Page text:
This one is a new review! Just played this game this week.
I like the Japanese cover. The American one isn’t quite as interesting:
- Title: Extreme Go-Kart Racing (US) / Kart Race Kimete wa Drift (JP)
- Developer: Now Production
- Publisher: Originally released in Japan by Media Group (2000). Re-released in Japan by Hamster (2003). Released in the US by Agetec (2003). Released on Playstation 3/PSP PSN (digital download) by Hamster (JP only, 2008).
- Released: 2000/2003/2008
- Platform: Playstation (PS1)
- Genre: Kart Drift Racing
- Review written 8/22/2014
Extreme Go-Kart Racing is a kart-racer themed, but drift-racer playing, super low-budget racing game released late in the PS1’s life. The game is a budget game released for cheap, and you can very much tell. I got this game fairly recently, and beat the game quickly; somehow the challenge made me want to get through the game. The game is bad, and super low budget, but it is a little interesting. Yes, despite the title, this is a drift-focused racing game; it’s not really a Mario Kart clone. The Japanese title has “Drift” in the name, which is a more accurate name than the US title. This game has no weapons, either. It is about perfecting perfectly timed, Ridge Racer-esque auto-drifts. It works just like in some of the Ridge Racer games: to drift, let go of accelerate, hit drift, then hit accelerate again when you’re pointing in the direction you want to go. Also, the game has absolutely no analog support, insanely. The Dual Shock controller appears in the control settings menu, but the analog sticks do nothing, in the US release of the game at least; this game is d-pad only, shamefully for a game released in 2000 in Japan and 2003 in the US. That is, unless the Japanese version had analog and they pointlessly cut it out of the US version; the Japanese case back does have teh analog controller logo. I don’t know if that version actually has analog or not, though, but I will try to find out. Anyway, this game does not look as late a PS1 game as it is! These graphics would have looked old years before this games’ release, even for the PS1. There are seven tracks in the game, and no difficulty settings; seven races and it’s over. That doesn’t mean winning will be easy, though. This is a hard game, for both good and bad reasons, and beating the game will require a lot of practice in a game of quite questionable quality. Is it worth it? I’m sure many people would say no, but I had enough fun to stick with it, I guess.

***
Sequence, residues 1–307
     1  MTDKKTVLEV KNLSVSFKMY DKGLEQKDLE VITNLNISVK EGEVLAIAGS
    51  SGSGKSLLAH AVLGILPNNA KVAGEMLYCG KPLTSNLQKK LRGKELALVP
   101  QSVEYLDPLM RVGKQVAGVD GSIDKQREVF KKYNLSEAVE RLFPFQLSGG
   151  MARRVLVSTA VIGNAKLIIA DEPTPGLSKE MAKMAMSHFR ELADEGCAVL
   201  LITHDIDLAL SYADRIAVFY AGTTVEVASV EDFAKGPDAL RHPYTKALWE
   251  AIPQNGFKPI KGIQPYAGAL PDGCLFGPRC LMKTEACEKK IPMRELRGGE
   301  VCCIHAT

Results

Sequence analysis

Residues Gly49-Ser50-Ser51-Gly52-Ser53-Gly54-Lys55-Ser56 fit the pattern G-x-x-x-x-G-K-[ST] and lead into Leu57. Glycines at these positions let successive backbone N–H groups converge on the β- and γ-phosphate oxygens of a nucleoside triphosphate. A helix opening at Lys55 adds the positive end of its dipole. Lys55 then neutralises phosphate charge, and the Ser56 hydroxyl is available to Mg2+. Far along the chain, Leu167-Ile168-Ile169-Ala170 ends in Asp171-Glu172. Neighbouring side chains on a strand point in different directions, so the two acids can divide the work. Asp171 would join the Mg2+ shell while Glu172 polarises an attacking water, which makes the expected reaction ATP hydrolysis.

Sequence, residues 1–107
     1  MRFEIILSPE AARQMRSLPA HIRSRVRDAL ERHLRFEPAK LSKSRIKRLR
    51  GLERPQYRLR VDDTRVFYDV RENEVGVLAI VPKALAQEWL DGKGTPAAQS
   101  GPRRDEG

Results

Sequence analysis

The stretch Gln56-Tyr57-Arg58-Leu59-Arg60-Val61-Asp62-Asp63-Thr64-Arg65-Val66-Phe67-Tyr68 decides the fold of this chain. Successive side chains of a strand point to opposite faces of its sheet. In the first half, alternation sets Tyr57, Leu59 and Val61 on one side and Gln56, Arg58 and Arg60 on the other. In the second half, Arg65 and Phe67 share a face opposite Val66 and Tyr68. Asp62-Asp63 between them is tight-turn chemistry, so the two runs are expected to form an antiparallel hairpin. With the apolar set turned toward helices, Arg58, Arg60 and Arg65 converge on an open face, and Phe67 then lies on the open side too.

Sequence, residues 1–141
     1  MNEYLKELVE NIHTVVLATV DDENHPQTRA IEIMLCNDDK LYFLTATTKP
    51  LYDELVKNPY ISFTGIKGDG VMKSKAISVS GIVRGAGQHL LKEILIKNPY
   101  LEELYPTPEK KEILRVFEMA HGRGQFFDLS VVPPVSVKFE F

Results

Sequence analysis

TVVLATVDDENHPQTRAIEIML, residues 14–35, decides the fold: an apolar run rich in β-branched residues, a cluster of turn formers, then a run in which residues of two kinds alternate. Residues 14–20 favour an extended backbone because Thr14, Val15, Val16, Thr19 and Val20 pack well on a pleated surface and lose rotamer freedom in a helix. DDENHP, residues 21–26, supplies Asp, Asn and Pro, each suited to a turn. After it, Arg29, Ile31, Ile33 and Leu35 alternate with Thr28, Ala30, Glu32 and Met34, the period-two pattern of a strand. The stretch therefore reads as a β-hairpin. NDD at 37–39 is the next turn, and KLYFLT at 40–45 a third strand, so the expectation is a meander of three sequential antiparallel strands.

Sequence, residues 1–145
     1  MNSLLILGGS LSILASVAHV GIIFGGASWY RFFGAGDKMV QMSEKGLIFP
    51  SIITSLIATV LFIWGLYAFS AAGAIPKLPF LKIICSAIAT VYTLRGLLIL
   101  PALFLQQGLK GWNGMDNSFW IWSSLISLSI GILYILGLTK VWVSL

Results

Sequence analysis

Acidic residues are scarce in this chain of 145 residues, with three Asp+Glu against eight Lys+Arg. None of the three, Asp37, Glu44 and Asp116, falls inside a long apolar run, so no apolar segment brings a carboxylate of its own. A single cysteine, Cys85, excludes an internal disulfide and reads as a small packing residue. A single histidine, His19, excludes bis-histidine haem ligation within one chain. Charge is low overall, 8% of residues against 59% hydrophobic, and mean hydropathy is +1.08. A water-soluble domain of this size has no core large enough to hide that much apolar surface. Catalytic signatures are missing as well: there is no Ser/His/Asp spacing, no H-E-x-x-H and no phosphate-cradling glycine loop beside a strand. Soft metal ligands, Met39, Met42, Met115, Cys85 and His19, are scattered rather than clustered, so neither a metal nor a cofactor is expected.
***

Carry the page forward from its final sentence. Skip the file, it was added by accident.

Mode options are only the basics: two player splitscreen, single race, championship mode, or options (control settings and audio levels). You can also save here, but NOT during a championship; that you have to complete without turning the system off, annoyingly. You have infinite continues, but can’t save your current circuit. Unfortunate. It does unlock tracks as a starting point as you reach them, but doesn’t save your current game. Once you start a race, you’ll notice how long the load times are in this game. As fitting with the general dated nature of the game, the loading times in the game are far longer than they should be, and are definitely irritating. Before each race there’s an untranslated line in spoken Japanese about the upcoming track. Lazy localization work there. In championships, you progress to the next race by finishing at least third in each race, and though there are only seven racers in each race, this is a challenge. Championship mode doesn’t really have an ending at the end, just credits with a generic (same for all characters) CG background. Disappointing! I was hoping for more. At least completing tracks does unlock them, so in the future you can start a circuit from any of the tracks. Still, with a game as frustrating as this one, I was hoping for better when I finally managed to beat it,and yes, finishing it was an effort. I’m not sure if it was worth it or not, but I completed it anyway, once at least; I’m not sure if I will again. Anyway, once choosing a mode, you then choose a racer. You start out with seven options, all stereotypical anime-kart-racing characters. There are four more unlockable ones, though I have no idea how to do that. The character stats do matter — larger racers really do control differently from smaller ones, for example. So that’s good, at least.